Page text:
Assessments may be more accurate and efficient. The methodologies and tools described in this report may allow for faster processing of large volumes of data, integration of multiple kinds of data, and other forms of analysis and tracking that would be beyond the capacity of human analysts. These capabilities can make it possible to efficiently track regions, populations, groups, and sources of information, from news coverage and social media discourse to satellite imagery of troop movements. The analyst may have improved capacity to address probabilistic events and to anticipate a range of possible outcomes. Indicators useful for gauging changes in a political leader’s behavior, the developing strength of minority group’s influence, or the cohesiveness of networks within which toxic narratives are spreading may aid the analyst in avoiding surprises and lead him more swiftly to developments requiring attention. Advances in cognitive science and neuroscience may provide more reliable indications of whether someone is being persuaded than could be gleaned from that person’s self-report.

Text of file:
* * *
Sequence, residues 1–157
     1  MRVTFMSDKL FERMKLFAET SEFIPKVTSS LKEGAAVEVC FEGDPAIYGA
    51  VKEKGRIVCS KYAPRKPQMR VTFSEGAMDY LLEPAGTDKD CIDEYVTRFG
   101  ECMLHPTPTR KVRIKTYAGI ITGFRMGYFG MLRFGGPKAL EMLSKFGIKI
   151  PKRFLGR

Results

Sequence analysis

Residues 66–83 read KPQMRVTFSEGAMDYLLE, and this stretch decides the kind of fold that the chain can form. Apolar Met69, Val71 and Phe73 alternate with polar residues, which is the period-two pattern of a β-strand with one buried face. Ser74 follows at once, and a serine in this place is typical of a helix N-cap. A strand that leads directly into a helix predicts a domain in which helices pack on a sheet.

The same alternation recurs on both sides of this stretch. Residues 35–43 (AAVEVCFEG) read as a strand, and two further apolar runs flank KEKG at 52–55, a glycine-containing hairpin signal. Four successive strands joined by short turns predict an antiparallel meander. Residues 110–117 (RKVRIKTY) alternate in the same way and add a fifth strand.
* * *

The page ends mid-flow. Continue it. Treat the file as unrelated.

Advances in social cybersecurity may decrease the time needed to assess the veracity of narratives, making earlier identification of threats possible and allowing for more reliable assessments of how populations respond to events of interest.
Technologies that become operational in the coming decade and beyond will augment the capacities of the human in vital ways, which will necessarily change how human analysts use and interact with them. Insights from SBS fields are essential to the design and development of tools and technologies that
- take advantage of the strengths of both humans and machines;
- allow humans to collaborate productively with machine partners;
- support more rapid assessment and forecasting of human activity; and
- avoid serious unintended practical and ethical consequences.